As learned in the first and second installments of this blog series, it can be quite useful to use Esri's Tapestry Segmentation to target specific populations that your hospital, system, or physicians serve. Tapestry Segmentation was designed specifically to understand your customer’s lifestyle choices – what they buy and how they spend their free time. This information gives Stratasan, and our clients, insights that help identify facility’s patient types, optimal sites for hospitals, physician offices, FSERS, and urgent care locations. We use the Tapestry Segmentation dataset to help our clients get higher response rates, focus on the most profitable growth opportunities, and invest their resources in the best ways possible.
We want to finish this series with a few niceties that we've built for ourselves to improve our process of delivering valuable software to our clients.
Here, we're going to cover how to integrate our Webpack builds into Django so that our site serves links to the newest version of our front-end assets.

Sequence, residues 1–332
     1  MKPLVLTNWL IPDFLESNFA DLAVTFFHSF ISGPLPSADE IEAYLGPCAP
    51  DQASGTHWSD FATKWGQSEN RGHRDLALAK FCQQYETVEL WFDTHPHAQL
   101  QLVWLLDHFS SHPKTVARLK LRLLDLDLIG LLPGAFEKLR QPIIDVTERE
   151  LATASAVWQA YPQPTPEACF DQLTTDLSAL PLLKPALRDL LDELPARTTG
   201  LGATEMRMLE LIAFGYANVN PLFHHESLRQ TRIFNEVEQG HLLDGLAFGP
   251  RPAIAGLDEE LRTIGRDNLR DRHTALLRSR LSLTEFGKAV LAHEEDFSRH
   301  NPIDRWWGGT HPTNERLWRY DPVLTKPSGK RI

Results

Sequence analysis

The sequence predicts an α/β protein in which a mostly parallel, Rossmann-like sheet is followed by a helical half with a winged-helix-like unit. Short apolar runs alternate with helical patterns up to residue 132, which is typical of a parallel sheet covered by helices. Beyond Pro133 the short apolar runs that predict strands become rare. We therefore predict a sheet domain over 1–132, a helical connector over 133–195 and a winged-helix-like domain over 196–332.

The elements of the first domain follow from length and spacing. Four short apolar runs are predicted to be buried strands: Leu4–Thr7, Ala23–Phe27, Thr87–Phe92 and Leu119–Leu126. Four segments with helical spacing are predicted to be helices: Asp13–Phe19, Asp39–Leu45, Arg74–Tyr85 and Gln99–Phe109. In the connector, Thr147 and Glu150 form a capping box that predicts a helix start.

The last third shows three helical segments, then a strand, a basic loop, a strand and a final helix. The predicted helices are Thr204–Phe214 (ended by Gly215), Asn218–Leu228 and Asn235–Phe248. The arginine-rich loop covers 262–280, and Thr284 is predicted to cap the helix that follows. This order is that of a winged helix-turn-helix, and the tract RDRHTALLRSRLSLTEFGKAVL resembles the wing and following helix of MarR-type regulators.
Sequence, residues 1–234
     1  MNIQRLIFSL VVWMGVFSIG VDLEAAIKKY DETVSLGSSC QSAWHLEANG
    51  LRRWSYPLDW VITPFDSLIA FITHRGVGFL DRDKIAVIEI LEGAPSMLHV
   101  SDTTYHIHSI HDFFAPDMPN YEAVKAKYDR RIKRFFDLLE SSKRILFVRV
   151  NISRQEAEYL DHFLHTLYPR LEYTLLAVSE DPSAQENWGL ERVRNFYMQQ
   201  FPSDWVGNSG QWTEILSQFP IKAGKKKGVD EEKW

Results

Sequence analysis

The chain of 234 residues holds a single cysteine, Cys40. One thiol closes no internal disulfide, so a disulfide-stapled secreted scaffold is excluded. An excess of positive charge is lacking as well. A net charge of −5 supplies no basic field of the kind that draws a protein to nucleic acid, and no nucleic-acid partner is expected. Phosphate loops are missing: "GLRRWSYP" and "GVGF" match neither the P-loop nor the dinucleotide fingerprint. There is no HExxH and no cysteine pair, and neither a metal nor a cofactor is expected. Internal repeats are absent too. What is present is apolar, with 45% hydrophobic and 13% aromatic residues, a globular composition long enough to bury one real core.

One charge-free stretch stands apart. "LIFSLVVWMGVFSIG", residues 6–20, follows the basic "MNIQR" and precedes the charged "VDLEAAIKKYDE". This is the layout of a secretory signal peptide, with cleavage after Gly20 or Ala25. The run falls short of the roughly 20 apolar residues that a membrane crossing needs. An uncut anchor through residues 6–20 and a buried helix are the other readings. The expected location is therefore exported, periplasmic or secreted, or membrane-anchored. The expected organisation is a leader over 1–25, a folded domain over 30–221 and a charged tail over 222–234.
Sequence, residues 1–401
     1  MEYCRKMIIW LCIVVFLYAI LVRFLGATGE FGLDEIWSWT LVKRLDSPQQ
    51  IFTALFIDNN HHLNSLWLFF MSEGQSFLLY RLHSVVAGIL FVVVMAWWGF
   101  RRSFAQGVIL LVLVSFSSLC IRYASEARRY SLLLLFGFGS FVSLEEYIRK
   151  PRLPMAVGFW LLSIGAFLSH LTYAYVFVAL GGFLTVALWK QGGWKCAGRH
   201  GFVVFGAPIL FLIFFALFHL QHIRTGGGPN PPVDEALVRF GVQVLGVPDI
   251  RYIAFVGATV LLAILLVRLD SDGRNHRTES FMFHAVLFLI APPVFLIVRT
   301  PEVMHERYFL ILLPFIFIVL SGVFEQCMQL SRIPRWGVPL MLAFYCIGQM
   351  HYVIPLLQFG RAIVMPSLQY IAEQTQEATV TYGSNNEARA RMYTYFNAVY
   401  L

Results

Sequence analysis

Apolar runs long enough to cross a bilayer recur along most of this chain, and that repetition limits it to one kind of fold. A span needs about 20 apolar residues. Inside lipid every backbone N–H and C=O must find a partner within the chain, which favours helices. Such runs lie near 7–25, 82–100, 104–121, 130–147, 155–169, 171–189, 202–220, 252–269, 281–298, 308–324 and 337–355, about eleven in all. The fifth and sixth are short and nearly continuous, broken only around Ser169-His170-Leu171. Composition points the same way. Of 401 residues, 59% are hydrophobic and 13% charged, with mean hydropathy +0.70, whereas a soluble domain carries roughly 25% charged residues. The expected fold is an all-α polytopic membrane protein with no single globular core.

Contrary to popular belief, software developers don’t hide behind their computers all day long and create ruthless memes. While I never subscribed to this line of thinking, to begin with, I got official confirmation of its inaccuracy this summer while interning at Stratasan.
Project Layout and Webpack Configuration
In the previous post, we introduced concepts around deploying front-end assets. If you haven't read it and are not knowledgeable in this area, we suggest you read it now.
In this post, we'll describe the basic file structure of our project and dive into our Webpack configuration.
A few weeks ago I had the pleasure to present to DjangoCon US 2016 about how the technology team at Stratasan delivers front-end assets. We've honed this process over the course of a year and are happy with the flexibility and simplicity it allows us. We believe providing concrete examples taken from our codebase will benefit the community.
You can find my slides here.
This is the first in a series of engineering posts where we take a deep look at the technical underpinnings of Stratasan's analytics platform. We hope you enjoy and perhaps learn something! This does assume a technical background—consider yourself warned :)
We've built Stratasan's analytics platform atop of Amazon Web Services and are big fans of the offerings AWS provides. Our application and worker servers are EC2 instances, application data is stored in an RDS Postgres database, Blackbird results and Canvas PDFs are stored in S3 and our considerable collection of healthcare data is stored and queried from a Redshift cluster.